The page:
The real admonition laid by Tanovic is on the outsiders in the Balkan war. He brings UN "peacekeepers" and media outlets into the film's second act and shows the audience that they are more willing to exploit the soldiers than anyone on either side of the battle lines. Outside of a caring French UNPROFOR officer played by Georges Siatidis, most of the people trying to supposedly help the stranded the soldiers are opportunistic (like Katrin Cartlidge's TV news reporter) or callous (like Simon Callow's UN general). We are accosted with images of the Bosnians and the Serbs fighting a war partly a product of centuries of hatred and party the product of misguided interveners.
As the film veers into a land too close to 15 Minutes,
Tanovic begins to lose his footing, but almost every minute before then had been highly
affective filmmaking. The director had created a war movie that is not about
grandstanding, but about the miserable fate of people fighting. His final image seems like
something that Terrence Malick would probably have included in The Thin Red Line,
a moving testament to how man's violent creation of war has destroyed the natural
progression of the world.
|Smell of Camphor, Fragrance of Jasmine
(Dir: Bahman Farmanara, Starring Bahman Farmanara, Roya Nonahali, Hossein Kasbian, Firouz Behjat-Mohamadi, Reza Kianian, Parivash Nazarieh, Mahtaj Noojoomi, and Valiyollah Shirandami)
BY: DAVID PERRY
Bahman Farmanara's career seemingly came to an end twenty years ago when the Shah and the Ayatollah of Iran both decided that he was not a director who could make movies within the state. After taking refuge in Canada, Farmanara went back to Iran without making a movie while out of the country -- his family's inherited business needed him. Since then, he has constantly written screenplays for production, but none of them pass the regulations set by the government. Smell of Camphor, Fragrance of Jasmine is the first Farmanara script to pass the Iranian censoring board since 1978's Tall Shadows in the Wind.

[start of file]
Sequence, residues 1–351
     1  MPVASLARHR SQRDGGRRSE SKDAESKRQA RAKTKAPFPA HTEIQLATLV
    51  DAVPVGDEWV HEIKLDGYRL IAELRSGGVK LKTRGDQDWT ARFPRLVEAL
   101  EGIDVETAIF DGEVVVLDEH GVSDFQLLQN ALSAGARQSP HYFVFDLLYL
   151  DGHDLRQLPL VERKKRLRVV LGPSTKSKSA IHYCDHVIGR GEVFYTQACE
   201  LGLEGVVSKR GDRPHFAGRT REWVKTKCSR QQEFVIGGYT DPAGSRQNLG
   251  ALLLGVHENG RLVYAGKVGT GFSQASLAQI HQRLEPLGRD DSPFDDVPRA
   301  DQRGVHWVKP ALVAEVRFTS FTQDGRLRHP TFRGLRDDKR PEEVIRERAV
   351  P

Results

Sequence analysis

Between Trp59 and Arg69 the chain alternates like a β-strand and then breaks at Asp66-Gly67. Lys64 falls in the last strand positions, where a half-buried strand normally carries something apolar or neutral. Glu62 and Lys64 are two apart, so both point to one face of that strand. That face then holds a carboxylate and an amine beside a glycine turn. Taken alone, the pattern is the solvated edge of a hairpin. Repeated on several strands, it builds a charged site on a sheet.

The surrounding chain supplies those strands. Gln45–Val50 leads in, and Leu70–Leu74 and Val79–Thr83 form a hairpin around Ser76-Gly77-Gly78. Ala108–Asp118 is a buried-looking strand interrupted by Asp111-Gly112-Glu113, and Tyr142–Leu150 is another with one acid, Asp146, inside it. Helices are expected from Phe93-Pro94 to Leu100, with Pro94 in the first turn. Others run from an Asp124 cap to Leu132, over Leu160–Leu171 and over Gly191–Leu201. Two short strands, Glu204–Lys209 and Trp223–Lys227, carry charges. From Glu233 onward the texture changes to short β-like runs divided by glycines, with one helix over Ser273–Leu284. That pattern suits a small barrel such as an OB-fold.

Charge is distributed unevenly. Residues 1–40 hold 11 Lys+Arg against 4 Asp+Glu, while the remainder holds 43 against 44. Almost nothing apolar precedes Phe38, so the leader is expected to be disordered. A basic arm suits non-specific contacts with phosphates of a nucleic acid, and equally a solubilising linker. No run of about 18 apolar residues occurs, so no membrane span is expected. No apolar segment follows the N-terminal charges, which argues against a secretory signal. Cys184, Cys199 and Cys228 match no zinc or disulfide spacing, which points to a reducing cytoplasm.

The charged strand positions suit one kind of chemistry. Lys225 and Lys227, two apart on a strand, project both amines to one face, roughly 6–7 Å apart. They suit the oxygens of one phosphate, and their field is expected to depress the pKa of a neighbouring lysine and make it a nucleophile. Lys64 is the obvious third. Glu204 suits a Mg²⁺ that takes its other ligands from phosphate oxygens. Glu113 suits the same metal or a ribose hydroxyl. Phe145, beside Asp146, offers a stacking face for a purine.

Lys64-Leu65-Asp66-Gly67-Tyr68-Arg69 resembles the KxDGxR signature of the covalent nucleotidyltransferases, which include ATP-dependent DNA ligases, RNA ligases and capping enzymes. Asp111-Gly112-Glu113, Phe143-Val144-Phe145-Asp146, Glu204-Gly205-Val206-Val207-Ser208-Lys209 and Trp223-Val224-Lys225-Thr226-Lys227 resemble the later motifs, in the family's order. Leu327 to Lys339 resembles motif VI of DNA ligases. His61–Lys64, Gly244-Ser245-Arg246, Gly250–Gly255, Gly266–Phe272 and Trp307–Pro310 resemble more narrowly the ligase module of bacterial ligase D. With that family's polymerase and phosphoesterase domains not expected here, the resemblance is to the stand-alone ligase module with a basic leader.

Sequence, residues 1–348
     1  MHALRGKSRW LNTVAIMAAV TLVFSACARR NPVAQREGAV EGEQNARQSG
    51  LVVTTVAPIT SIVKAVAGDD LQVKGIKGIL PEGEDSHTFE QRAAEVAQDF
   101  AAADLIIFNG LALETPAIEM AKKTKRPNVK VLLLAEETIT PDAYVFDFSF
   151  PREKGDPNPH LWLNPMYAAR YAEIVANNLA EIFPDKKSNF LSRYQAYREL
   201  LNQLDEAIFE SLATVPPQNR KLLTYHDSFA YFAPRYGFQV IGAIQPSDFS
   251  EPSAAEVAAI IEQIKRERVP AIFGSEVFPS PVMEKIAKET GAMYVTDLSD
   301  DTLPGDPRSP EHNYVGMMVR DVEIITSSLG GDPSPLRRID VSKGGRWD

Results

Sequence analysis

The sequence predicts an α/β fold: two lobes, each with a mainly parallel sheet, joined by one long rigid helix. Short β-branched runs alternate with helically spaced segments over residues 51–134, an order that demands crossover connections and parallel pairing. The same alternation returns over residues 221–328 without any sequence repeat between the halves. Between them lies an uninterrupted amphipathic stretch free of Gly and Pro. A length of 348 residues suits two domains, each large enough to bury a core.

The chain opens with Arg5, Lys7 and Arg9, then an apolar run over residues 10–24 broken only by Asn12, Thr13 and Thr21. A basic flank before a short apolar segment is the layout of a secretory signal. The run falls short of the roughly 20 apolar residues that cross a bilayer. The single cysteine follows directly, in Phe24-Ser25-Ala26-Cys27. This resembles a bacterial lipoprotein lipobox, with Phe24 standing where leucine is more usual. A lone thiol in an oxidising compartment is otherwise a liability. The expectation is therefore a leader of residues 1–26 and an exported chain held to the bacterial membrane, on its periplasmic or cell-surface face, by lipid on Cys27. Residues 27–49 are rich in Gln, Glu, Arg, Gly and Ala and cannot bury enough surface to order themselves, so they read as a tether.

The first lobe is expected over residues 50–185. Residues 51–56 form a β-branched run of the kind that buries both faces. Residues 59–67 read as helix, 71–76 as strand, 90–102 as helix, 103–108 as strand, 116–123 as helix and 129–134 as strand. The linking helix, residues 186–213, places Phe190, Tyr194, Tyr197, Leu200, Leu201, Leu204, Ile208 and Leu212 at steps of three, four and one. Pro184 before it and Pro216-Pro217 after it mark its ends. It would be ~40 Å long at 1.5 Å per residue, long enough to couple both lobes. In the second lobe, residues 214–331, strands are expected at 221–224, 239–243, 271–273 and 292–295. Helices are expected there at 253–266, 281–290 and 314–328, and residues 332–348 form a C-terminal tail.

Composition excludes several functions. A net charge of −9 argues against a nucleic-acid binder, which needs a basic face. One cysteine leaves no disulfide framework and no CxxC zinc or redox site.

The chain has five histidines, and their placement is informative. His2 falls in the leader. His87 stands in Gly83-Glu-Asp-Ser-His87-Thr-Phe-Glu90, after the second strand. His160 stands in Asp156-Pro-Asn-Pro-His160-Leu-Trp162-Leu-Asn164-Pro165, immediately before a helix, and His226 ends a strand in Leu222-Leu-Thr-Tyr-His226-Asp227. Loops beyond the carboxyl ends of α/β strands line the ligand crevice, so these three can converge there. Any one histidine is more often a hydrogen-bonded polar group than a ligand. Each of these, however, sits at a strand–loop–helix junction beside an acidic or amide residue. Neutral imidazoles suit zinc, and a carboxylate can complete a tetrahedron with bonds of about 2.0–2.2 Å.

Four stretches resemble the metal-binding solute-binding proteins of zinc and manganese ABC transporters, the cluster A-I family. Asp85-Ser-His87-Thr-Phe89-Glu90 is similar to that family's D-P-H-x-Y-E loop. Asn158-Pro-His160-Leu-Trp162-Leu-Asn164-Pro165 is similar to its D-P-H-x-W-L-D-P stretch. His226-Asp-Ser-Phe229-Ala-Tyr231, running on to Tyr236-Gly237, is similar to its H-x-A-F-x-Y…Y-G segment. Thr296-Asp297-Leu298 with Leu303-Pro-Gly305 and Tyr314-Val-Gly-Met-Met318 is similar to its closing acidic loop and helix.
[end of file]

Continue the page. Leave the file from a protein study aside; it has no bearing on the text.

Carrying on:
And, as much as I hate to say it, the wait really has not brought much out of the long dormant filmmaker. It could be that the oppression has caused him to lose much of his artistic delights, or that he is just out of practice. However, the new film feels like something created just to reaffirm Farmanara that he is still alive and able to work, even if the film is about him not being able to do either.
A rumination on death, Smell of Camphor, Fragrance of Jasmine stars Farmanara as a long-unemployed film director who is about to get his first chance to work in a long time (hmm, sound familiar). As he begins work on this new project, a documentary on Iranian funeral rituals for Japanese TV, he begins to worry about his own mortality. It does not help that we first meet him on the day before the fifth anniversary of his wife's death.
Farmanara's character is overweight, smokes constantly, and has a heart condition. Though only 55-years-old, his worries of impending death are possibly not undeniable.
He goes around Tehran working on this project, regularly bombarded with reminders that he is not young anymore -- a visit to his Alzheimer's diagnoses mother, a young girl whose baby died in birth. And, as he begins to work on finalizing some of his own matters, he finds that he is currently not at a suitable point to die (for example, his burial plot beside his wife has been sold to someone else).
There is hope found in Smell of Camphor, Fragrance of Jasmine, which keeps the film from becoming a monotonous directorial effort. I liked the way that Farmanara settles down his poor attempts at subtle humor for scenes that feel as relatable as real life. Giving away any of these moments would not be fair to those who actually see the film, but I can say that they are the only really worthwhile parts of the film.
Well, there is one other thing: the ability of Farmanara to
set-up a shot is still fine. He has a good eye for camera placement and editing that help
him to overcome some of the larger storytelling problems. The film is separated in three